Wipe down Light Switches, Doorknobs and Remote Controls
Each of these areas in your home, have hands that switch them on and off and open and close rooms. Hands that are dirty, oily and potentially full of bacteria. Spring is a great time to get rid of any germs that may have lingered from the winter to avoid any more illnesses that could come in the home.
With these simple spring cleaning tips, you can get your home in tip top shape, smelling fresh and happy!
Posted by HomeZada
- Don’t forget to set your clocks forward this Sunday, March 12th at 2:00 AM EST in observance of Daylight Savings Time.
- Unless of course, you are a resident of Arizona or Hawaii!
- Every hour in the United States: 649 homes are sold, 177 homes regain equity (meaning they are no longer underwater on their mortgage), and the median home price rises $1.86!
Posted by The KCM Crew
Just like our clocks this weekend in the majority of the country, the housing market will soon “spring forward!” Similar to tension in a spring, the lack of inventory available for sale in the market right now is what is holding back the market.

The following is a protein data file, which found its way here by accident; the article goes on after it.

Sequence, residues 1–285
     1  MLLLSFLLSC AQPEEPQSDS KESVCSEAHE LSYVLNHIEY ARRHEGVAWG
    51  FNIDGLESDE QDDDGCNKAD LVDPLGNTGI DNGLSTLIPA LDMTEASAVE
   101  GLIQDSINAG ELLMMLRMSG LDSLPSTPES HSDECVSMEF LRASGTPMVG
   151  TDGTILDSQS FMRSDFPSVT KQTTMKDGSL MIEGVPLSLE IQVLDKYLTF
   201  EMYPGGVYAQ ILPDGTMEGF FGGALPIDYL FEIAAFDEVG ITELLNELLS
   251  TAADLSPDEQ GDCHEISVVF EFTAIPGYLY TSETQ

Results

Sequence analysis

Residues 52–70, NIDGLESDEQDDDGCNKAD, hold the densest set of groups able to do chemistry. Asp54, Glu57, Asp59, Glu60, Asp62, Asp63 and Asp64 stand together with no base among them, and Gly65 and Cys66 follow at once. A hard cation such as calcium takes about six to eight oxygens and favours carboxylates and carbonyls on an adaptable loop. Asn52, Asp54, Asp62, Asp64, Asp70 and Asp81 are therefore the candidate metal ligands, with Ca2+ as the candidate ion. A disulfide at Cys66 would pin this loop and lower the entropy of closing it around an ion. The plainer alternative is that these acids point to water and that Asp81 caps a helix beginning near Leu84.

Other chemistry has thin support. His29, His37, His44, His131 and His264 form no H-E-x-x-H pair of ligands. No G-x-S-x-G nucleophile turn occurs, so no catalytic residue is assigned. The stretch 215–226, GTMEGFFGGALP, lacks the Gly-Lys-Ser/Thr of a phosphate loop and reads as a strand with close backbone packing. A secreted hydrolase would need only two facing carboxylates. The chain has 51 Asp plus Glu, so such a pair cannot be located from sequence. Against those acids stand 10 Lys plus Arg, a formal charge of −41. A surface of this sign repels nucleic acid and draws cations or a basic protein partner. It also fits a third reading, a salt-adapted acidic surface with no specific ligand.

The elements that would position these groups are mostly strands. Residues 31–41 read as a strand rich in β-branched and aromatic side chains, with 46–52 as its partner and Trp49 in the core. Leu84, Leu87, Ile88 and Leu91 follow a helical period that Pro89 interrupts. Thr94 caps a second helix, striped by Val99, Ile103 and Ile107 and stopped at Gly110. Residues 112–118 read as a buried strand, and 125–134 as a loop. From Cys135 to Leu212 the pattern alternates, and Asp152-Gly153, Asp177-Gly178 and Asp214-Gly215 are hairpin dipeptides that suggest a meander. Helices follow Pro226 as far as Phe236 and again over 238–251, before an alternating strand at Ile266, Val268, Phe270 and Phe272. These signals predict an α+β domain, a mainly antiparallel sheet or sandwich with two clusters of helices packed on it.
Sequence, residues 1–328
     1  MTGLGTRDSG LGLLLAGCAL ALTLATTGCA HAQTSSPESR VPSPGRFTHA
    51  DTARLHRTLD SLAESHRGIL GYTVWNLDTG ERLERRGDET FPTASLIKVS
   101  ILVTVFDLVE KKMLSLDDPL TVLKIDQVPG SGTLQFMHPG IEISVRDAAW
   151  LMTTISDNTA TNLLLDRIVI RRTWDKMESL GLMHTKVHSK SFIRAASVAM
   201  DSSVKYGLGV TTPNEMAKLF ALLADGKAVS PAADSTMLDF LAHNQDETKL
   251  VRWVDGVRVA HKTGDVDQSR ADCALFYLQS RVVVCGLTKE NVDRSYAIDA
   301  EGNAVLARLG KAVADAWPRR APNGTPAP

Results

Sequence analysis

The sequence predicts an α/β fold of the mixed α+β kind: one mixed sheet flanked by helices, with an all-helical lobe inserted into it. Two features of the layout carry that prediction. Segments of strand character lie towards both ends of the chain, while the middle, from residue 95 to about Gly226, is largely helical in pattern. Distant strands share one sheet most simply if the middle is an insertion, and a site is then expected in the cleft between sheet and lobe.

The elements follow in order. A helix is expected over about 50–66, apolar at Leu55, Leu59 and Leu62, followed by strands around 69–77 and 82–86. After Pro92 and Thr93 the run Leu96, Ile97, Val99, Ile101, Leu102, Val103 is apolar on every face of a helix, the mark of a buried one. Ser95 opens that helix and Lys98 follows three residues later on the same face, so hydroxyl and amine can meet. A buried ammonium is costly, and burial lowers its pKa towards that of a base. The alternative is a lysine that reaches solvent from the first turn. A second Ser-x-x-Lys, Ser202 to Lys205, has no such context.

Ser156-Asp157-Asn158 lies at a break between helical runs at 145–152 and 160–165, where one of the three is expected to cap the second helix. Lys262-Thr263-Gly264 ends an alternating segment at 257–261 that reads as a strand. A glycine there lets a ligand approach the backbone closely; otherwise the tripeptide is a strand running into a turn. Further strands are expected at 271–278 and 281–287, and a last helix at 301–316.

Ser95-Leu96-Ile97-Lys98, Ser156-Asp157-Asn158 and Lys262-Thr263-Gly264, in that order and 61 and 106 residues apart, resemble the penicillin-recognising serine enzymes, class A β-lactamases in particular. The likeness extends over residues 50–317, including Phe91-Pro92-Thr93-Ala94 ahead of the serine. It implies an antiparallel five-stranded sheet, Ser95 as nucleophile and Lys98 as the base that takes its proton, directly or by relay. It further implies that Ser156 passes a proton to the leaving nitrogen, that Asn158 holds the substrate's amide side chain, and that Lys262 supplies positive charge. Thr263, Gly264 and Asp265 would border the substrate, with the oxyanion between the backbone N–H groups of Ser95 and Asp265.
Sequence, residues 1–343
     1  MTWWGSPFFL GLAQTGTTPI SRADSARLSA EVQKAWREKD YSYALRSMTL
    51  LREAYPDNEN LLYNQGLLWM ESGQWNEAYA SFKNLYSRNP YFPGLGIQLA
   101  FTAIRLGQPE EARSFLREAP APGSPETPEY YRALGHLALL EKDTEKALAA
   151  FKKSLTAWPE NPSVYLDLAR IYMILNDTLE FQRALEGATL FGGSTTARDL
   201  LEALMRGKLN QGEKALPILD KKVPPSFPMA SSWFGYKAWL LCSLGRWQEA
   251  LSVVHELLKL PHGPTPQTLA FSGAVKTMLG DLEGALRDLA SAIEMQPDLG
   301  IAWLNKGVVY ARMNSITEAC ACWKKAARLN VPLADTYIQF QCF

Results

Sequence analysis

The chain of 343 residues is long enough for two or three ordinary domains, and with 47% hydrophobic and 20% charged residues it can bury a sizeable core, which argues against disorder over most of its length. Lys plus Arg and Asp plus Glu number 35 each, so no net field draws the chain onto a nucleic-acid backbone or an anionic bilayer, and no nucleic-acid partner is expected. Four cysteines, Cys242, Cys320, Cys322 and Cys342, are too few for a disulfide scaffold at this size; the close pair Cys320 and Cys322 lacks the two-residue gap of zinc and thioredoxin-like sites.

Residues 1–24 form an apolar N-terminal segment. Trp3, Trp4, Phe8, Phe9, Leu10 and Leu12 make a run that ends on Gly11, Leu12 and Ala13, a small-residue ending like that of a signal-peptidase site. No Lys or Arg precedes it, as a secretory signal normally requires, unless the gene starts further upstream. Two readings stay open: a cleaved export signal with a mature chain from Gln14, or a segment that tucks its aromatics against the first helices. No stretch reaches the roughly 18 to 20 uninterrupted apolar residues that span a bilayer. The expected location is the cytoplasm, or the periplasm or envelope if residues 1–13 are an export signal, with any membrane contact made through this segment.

Many potential sellers believe that waiting until Spring is in their best interest, and traditionally they would have been right.
Buyer demand has seasonality to it, which usually falls off in the winter months, especially in areas of the country impacted by arctic temperatures and conditions.
That hasn’t happened this year.
Demand for housing has remained strong as mortgage rates have remained near historic lows.
The National Association of Realtors (NAR) recently reported that the top 10 datessellers listed their homes in 2016 all fell in April, May or June.
Those who act quickly and list now could benefit greatly from additional exposure to buyers prior to a flood of more competition coming to market in the next few months.
If you are planning on selling your home in 2017, meet with a local real estate professional to evaluate the opportunities in your market.
Posted by The KCM Crew